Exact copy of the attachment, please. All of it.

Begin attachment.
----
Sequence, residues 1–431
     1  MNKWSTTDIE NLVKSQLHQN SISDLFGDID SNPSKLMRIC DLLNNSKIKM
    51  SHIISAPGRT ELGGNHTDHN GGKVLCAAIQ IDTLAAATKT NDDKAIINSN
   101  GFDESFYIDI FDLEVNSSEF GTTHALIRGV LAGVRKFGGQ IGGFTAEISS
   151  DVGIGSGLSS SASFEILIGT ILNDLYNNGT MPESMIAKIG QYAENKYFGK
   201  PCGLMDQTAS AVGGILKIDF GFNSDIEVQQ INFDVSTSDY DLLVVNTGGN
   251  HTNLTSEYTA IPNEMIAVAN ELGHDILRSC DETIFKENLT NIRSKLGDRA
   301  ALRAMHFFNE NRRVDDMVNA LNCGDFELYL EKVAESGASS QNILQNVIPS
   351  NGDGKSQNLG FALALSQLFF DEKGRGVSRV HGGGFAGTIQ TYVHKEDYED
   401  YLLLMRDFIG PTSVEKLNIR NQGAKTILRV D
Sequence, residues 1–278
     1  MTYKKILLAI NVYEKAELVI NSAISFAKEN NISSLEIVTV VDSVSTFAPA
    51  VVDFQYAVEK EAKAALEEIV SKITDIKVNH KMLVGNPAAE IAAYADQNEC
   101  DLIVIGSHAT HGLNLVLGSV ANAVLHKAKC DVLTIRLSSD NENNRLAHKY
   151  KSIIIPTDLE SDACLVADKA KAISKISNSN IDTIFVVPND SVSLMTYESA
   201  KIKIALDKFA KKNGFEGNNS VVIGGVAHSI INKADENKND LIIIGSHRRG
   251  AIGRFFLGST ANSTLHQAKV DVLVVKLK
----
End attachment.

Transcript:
Sequence, residues 1–431
     1  MNKWSTTDIE NLVKSQLHQN SISDLFGDID SNPSKLMRIC DLLNNSKIKM
    51  SHIISAPGRT ELGGNHTDHN GGKVLCAAIQ IDTLAAATKT NDDKAIINSN
   101  GFDESFYIDI FDLEVNSSEF GTTHALIRGV LAGVRKFGGQ IGGFTAEISS
   151  DVGIGSGLSS SASFEILIGT ILNDLYNNGT MPESMIAKIG QYAENKYFGK
   201  PCGLMDQTAS AVGGILKIDF GFNSDIEVQQ INFDVSTSDY DLLVVNTGGN
   251  HTNLTSEYTA IPNEMIAVAN ELGHDILRSC DETIFKENLT NIRSKLGDRA
   301  ALRAMHFFNE NRRVDDMVNA LNCGDFELYL EKVAESGASS QNILQNVIPS
   351  NGDGKSQNLG FALALSQLFF DEKGRGVSRV HGGGFAGTIQ TYVHKEDYED
   401  YLLLMRDFIG PTSVEKLNIR NQGAKTILRV D
Sequence, residues 1–278
     1  MTYKKILLAI NVYEKAELVI NSAISFAKEN NISSLEIVTV VDSVSTFAPA
    51  VVDFQYAVEK EAKAALEEIV SKITDIKVNH KMLVGNPAAE IAAYADQNEC
   101  DLIVIGSHAT HGLNLVLGSV ANAVLHKAKC DVLTIRLSSD NENNRLAHKY
   151  KSIIIPTDLE SDACLVADKA KAISKISNSN IDTIFVVPND SVSLMTYESA
   201  KIKIALDKFA KKNGFEGNNS VVIGGVAHSI INKADENKND LIIIGSHRRG
   251  AIGRFFLGST ANSTLHQAKV DVLVVKLK